“I’m going to die soon”
“I’m going to die soon.” Yesterday I spoke with a relative who said this to me. Not, thankfully, because she has any particular health reason for the statement, but because she bought a new couch.
I asked her to explain.
She discussed how she rationalized purchasing a new couch for her living room because she hated the couch she owned. She further explained that she was 67 years old and going to die soon, that no one lives forever, and that because she has maybe 10 or 15 more years to live, and that it was perhaps a silly purchase.
I was, truly, taken off guard.
I asked her if that is the way to live…. to wake up every day and think you are going to die soon…
I, for one, do not have the desire to focus my attention on this inevitable issue. Fortunately, I am not aware of anything that truly predicts the exact day and moment of our individual expiration dates, and I am grateful for that.
OK… one more story. You’ll see my point for including it here in a moment.
During Thanksgiving dinner a few weeks ago, a relative in their 70’s asked another relative in their 70’s, “So, what hurts you?” I actually turned to her and asked if she truly said that.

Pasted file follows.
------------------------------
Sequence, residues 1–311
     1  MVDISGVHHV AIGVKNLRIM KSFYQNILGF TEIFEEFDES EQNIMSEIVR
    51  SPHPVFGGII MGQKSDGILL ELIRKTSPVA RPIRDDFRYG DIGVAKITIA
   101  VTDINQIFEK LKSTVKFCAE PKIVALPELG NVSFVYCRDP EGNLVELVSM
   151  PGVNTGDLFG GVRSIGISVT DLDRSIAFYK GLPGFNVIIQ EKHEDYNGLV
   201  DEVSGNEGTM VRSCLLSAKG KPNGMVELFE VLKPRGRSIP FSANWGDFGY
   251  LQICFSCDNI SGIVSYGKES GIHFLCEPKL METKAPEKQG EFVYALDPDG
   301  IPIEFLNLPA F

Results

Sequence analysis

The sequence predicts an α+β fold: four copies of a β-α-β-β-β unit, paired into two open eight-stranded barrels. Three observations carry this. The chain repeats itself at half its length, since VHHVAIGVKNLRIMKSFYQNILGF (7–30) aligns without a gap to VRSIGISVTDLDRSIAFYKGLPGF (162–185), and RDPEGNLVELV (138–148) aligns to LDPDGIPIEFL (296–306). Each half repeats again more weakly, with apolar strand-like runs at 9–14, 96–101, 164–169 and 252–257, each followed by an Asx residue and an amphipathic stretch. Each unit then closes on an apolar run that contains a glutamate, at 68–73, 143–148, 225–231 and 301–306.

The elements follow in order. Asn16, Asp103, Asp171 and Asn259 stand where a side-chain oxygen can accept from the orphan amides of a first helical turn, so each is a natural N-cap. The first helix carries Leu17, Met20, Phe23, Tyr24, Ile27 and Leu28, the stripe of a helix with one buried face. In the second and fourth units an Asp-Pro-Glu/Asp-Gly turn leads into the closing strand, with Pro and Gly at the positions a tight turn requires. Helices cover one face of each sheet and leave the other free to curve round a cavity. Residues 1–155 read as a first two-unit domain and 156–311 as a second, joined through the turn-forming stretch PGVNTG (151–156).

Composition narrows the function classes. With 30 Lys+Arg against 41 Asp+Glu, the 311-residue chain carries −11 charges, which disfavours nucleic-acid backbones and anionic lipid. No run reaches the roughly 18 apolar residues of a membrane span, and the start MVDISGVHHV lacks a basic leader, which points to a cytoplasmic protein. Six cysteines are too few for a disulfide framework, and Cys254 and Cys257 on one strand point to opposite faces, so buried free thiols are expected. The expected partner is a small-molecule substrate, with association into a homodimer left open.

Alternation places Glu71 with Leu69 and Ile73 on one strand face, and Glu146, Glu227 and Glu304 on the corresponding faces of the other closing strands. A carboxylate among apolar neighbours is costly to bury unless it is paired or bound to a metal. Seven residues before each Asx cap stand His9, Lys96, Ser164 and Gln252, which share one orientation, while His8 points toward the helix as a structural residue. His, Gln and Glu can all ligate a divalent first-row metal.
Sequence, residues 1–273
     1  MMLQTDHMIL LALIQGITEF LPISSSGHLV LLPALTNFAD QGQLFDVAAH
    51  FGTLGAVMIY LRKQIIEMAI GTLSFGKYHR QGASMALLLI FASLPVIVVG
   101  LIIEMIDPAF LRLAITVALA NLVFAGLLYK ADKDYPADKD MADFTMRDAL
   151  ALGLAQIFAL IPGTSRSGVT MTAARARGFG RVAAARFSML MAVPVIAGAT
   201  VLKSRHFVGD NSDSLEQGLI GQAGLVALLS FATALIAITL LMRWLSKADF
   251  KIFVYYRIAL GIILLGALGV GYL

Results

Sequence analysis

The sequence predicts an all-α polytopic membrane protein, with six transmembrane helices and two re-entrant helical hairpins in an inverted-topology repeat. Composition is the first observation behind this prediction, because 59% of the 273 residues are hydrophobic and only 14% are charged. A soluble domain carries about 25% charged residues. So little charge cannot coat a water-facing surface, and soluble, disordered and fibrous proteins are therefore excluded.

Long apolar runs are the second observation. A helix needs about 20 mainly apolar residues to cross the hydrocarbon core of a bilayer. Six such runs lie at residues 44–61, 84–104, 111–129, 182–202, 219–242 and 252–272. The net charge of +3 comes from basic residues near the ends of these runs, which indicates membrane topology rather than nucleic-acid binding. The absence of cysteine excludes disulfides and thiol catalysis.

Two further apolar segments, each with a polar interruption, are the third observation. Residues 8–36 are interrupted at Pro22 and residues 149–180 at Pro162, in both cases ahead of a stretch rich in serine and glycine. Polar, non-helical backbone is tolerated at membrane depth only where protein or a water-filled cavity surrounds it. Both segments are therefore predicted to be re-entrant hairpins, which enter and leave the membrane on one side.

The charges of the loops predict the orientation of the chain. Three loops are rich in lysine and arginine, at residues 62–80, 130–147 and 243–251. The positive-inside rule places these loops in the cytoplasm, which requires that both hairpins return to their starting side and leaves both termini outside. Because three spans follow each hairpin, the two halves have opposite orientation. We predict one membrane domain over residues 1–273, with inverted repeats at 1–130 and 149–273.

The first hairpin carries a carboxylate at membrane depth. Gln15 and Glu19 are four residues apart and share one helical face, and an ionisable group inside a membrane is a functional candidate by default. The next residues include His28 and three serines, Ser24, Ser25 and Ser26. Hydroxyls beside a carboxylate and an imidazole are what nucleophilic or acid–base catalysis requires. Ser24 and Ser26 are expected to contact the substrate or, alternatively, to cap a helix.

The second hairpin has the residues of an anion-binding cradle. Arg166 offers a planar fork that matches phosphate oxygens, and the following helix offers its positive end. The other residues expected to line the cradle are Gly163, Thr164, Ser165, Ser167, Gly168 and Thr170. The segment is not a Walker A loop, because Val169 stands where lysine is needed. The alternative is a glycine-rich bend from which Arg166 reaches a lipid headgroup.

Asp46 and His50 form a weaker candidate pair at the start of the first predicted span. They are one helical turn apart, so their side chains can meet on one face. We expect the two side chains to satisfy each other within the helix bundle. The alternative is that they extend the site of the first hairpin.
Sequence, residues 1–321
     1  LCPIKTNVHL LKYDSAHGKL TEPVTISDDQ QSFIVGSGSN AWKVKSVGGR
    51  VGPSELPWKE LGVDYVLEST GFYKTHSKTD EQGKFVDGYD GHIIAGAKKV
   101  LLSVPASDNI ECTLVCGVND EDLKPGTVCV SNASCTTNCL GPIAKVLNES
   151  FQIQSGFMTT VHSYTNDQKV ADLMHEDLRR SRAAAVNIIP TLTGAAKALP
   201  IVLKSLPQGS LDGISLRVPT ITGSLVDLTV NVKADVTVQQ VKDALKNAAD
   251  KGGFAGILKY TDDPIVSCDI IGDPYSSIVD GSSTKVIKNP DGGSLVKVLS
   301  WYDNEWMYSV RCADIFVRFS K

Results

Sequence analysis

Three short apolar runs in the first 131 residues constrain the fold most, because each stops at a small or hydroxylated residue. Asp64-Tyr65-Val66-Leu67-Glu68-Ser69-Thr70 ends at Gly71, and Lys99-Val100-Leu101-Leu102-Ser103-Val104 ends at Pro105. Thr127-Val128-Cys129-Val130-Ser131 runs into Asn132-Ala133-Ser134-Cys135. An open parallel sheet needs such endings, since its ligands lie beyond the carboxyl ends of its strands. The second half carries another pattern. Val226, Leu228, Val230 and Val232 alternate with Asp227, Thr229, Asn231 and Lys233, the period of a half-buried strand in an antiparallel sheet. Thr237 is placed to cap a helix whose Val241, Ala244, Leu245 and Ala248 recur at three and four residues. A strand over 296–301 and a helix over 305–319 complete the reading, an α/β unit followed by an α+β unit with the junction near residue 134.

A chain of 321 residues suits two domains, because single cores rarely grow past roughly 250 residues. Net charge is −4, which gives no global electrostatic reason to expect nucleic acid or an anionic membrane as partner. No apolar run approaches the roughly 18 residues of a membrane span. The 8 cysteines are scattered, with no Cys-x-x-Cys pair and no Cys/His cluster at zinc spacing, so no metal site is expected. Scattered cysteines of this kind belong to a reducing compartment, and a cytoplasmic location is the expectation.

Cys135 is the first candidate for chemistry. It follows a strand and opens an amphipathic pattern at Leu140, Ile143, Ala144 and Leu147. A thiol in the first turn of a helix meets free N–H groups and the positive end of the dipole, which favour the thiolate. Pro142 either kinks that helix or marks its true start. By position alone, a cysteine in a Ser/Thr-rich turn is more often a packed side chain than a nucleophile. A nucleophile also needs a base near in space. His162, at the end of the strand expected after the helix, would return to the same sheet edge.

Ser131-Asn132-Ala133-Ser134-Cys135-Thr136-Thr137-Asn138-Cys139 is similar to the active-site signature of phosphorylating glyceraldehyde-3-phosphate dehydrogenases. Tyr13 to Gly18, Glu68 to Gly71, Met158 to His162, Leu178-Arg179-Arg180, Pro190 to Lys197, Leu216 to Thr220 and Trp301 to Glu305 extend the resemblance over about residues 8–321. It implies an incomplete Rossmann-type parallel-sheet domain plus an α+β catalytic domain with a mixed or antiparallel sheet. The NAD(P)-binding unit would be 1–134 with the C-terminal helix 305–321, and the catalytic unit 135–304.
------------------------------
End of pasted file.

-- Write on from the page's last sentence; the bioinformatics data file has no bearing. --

So, here’s my opinion.
You can be 67 and start a fabricated countdown that is a focus point of each day, making decisions based on your personal expected longevity. You can be 70, or maybe you are only 20 years old for that matter – age does not really make a difference here – and focus on an ailment, or something else, that creates a negative focus in your life.
OR, you can focus on the joy of being here and savoring the NOW.
I did not always have this mindset. In my past I admit that I lived in frustration and “wished” my life away (for example, can’t wait till the weekend, can’t wait till the kids can do this stuff themselves, can’t wait till I finish college) in times when I felt challenged. My only regret is that I did not learn to appreciate the NOW much earlier in my life experience.